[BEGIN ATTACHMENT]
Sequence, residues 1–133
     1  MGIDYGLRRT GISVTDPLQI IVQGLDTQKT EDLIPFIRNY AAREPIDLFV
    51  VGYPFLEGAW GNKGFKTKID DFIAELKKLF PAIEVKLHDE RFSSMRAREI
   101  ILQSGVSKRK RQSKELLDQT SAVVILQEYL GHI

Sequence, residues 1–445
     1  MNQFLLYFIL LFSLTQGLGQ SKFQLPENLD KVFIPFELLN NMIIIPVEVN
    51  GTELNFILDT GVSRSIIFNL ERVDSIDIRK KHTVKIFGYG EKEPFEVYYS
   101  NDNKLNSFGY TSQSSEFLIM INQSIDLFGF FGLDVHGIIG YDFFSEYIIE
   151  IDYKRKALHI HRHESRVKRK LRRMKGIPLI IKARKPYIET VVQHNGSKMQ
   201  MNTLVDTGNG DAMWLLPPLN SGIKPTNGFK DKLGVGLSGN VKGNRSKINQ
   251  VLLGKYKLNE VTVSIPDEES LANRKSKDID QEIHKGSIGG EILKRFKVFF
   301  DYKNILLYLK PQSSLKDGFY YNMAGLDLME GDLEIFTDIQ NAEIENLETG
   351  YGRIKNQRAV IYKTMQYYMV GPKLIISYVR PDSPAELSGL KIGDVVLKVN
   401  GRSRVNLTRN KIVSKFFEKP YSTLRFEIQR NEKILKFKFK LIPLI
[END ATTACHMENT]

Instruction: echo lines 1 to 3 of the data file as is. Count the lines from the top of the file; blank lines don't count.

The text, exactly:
Sequence, residues 1–133
     1  MGIDYGLRRT GISVTDPLQI IVQGLDTQKT EDLIPFIRNY AAREPIDLFV
    51  VGYPFLEGAW GNKGFKTKID DFIAELKKLF PAIEVKLHDE RFSSMRAREI